After three decades Noah’s Restaurant still makes it from scratch.
It has been more than 35 years since John Papp helped start Noah’s Restaurant in Stonington Borough, Connecticut, but the long-time globetrotter still travels to every corner of the world and brings back the culinary treasures he finds.
The casual fine dining restaurant’s menu sports such recipes as New Orleans Grilled Shrimp and a hearty Portuguese beef and kale soup, in addition to local staples like clam chowder, flounder, blackfish and Shad, and Shad Roe, a New England ocean and river delicacy as tricky to filet as it is delicious. And of course, there are dishes based on what is in season, for example soft shell crab.
“Nobody wants to eat the same thing all the time. We keep it fresh,” Papp explains. “There are a lot of fun recipes and ingredients that evolve through the years.”
The menu isn’t all that has evolved. Papp and his partner Stan Schwartz went from working the lines themselves to managing a staff of 30-40 behind the scenes, which allows Papp and his wife Debbie to travel to places like Portugal, Mexico, and New Zealand, where their daughter lives.
But after three decades, one thing hasn’t changed: Noah’s commitment to authentic ingredients and scratch-made food.
That’s not just a slogan. Everything in the restaurant is unfrozen, unpreserved, local, and made from scratch; from the fresh-caught scallops to the made-to-order-guacamole. They even make their own noodles. “Most restaurants go with the convenience foods, all the pre-made things, frozen ingredients. But not us. We put our recipes together from basic ingredients on the premises.”
The philosophy can be expensive and logistically tricky, and Papp relies on relationships and loyalty to sustain it. Papp and Schwartz have been sharing the load since the beginning, and after 35 years Noah’s still uses the same local seafood and produce suppliers. Even Noah’s tax accountant is the son of the original bookkeeper.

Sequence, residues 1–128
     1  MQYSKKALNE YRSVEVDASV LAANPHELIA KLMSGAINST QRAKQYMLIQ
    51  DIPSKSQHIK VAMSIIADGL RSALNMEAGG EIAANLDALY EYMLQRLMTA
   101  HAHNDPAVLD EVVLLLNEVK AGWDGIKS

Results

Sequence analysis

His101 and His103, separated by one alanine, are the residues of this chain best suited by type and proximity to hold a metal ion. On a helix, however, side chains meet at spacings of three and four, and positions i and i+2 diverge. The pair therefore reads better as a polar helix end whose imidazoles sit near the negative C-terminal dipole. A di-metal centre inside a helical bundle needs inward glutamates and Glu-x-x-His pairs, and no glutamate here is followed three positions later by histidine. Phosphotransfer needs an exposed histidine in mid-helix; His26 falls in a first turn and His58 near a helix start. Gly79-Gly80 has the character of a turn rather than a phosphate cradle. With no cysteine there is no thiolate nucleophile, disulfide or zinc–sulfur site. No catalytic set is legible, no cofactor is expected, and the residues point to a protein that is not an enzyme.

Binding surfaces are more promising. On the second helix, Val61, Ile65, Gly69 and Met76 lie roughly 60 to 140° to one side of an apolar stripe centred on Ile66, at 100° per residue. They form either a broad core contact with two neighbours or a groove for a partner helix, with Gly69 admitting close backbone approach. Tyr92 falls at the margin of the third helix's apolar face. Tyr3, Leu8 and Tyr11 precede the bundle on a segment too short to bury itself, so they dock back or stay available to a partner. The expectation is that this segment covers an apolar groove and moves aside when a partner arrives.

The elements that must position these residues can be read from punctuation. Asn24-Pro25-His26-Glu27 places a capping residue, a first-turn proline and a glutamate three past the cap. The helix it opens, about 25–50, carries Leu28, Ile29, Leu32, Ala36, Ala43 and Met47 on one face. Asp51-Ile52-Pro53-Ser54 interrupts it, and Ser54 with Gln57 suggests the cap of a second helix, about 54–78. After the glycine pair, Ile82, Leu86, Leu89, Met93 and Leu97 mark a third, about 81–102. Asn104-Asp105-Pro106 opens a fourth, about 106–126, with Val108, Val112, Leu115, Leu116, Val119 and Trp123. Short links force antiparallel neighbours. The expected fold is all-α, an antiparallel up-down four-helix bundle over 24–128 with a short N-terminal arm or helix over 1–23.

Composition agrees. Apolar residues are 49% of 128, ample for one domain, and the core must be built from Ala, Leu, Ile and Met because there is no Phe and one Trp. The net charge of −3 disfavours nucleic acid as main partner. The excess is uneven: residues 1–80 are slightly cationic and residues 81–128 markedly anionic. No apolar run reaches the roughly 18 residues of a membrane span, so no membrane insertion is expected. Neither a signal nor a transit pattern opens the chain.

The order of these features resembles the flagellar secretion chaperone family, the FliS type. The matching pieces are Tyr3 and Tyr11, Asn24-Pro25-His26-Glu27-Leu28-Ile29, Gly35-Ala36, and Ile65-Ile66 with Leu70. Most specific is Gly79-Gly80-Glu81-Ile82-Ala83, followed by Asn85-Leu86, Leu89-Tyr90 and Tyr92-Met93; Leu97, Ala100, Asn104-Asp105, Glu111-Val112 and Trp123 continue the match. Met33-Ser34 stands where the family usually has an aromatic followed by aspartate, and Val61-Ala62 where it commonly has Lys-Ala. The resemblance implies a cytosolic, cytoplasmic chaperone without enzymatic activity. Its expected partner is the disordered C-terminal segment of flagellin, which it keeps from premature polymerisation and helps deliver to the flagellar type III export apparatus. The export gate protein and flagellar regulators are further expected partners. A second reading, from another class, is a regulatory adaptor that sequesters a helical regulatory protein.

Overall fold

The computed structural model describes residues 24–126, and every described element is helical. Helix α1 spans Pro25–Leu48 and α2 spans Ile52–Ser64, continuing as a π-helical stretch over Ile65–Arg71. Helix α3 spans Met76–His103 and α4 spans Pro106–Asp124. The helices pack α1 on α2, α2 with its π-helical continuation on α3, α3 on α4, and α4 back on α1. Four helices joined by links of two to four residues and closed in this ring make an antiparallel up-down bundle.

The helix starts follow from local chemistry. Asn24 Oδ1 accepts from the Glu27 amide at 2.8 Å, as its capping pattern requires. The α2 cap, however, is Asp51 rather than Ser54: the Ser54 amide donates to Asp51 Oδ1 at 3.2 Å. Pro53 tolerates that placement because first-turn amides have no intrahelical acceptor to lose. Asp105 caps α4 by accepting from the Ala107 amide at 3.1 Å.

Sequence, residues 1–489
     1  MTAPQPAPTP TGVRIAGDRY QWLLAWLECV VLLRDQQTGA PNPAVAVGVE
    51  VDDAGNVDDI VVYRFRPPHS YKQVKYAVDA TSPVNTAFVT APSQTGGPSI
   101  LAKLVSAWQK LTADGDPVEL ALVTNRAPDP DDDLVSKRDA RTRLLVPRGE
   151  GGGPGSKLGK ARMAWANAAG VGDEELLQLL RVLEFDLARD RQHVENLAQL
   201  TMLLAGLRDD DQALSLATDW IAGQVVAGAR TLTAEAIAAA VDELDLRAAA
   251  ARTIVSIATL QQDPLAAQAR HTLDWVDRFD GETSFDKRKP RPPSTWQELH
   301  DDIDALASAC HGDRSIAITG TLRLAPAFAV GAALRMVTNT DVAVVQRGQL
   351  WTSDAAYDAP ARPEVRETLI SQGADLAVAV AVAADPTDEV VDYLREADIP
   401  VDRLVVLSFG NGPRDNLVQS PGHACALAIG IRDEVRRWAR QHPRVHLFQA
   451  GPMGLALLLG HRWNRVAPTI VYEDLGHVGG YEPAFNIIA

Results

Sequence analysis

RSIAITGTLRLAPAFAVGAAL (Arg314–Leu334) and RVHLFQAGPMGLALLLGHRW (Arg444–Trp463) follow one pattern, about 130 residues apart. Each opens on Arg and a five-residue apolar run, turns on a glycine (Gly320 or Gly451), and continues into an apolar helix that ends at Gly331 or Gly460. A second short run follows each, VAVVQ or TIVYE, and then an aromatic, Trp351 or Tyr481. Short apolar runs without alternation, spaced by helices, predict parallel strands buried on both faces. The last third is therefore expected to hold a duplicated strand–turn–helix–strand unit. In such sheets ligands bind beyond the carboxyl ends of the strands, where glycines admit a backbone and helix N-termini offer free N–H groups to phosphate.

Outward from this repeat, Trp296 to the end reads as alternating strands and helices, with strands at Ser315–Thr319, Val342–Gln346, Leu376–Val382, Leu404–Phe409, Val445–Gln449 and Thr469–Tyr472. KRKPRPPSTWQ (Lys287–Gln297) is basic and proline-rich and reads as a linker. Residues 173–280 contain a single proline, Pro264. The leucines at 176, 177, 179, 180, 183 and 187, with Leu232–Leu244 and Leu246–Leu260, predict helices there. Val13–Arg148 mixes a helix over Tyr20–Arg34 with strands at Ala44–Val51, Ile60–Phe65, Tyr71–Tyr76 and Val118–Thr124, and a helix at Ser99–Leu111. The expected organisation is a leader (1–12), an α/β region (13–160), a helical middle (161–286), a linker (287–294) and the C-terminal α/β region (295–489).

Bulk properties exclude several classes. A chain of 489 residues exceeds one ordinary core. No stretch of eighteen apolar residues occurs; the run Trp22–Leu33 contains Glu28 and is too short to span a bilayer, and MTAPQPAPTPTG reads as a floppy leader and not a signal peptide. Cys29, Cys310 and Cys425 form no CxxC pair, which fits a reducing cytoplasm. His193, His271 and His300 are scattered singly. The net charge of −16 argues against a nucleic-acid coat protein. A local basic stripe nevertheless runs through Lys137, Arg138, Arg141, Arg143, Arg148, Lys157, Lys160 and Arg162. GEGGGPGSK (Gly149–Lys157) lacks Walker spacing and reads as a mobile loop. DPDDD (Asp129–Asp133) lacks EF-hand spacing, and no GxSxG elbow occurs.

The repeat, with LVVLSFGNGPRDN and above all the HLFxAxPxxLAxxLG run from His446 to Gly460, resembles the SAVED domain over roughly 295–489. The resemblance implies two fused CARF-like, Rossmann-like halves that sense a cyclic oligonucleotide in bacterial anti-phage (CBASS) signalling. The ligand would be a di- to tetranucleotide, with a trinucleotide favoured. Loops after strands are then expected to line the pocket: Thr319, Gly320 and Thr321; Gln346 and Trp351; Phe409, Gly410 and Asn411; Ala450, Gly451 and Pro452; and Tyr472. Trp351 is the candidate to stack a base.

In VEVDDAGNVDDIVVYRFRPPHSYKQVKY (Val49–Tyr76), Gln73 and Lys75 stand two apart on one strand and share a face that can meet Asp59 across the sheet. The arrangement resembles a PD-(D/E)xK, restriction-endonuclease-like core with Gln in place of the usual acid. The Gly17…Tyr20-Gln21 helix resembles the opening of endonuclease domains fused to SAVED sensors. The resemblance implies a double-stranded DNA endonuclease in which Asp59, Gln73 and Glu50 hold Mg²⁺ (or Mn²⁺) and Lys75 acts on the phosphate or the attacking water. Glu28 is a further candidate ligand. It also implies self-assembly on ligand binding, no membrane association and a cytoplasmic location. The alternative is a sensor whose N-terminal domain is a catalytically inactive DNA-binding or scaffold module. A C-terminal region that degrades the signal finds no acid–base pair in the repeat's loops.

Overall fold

“So it isn’t unusual for us to have relied on the same accounting system software supplier, Cougar Mountain Software, for the past 30 years,” Papp says.
He kept Cougar Mountain software because it always worked
Software not from scratch
For a foodie, Papp has always had a tech streak.
“I get exited about the perfect porchetta, and I get excited about computers and software,” he says. “I do all the payroll, watch and balance the checkbook, pay our vendors, all in a few hours a week. My accountant does my taxes at year end, but other than that I’m pretty much on my own.”
He bought Cougar Mountain software because it was economical and says he remembers the $125 advertisement in “Computer Shopper Magazine”. He kept Cougar Mountain software because it always worked—not exactly a given for software in the ‘80s.
“I hung in there with Cougar Mountain because they always hung in there with me.”
Yet savvy as he was, Papp always dreaded updating Noah’s computer systems. Not that he didn’t want the latest technology, but his $1.5 million business could grind to a halt if something went wrong. “I milked Windows XP to the end of the end. And when I did upgrade, I was dragged, kicking and screaming, to Denali,” he says.
That upgrade, from Cougar Mountain Software CMS Professional to the latest version of Denali Accounting software was about a year ago. “I was surprised at how well it went. It was all pretty seamless. There were some questions at first, like the way it handled tips, but the upgrade included technical support, and they helped me make it through the transition.”
It still works, which is really all Papp wanted, but Denali gave him more than he bargained for.
“The payroll system is so much quicker and more intuitive, the screens more beautiful, easier to read,” he says, highlighting the way Denali synchronizes with the restaurant’s outside point-of-sale software. “I can transfer the hours and overtime without manually re-entering all the hours every week. Now it’s automatic.”
Bank Reconciliation is Papp’s favorite updated module. “We balance our checks and accounts every month because your whole financial touchstone is our checking account. It was always kind of a pain, but now it’s definitely doable.”
Noah’s continues to evolve, both in its menu and its tech. Papp’s latest project included fitting the restaurant with high-speed internet phone lines, which he says was far more painful than the Denali upgrade. But that was no surprise: Cougar Mountain has always offered the cutting edge of technology, support and reliability, and that will never change.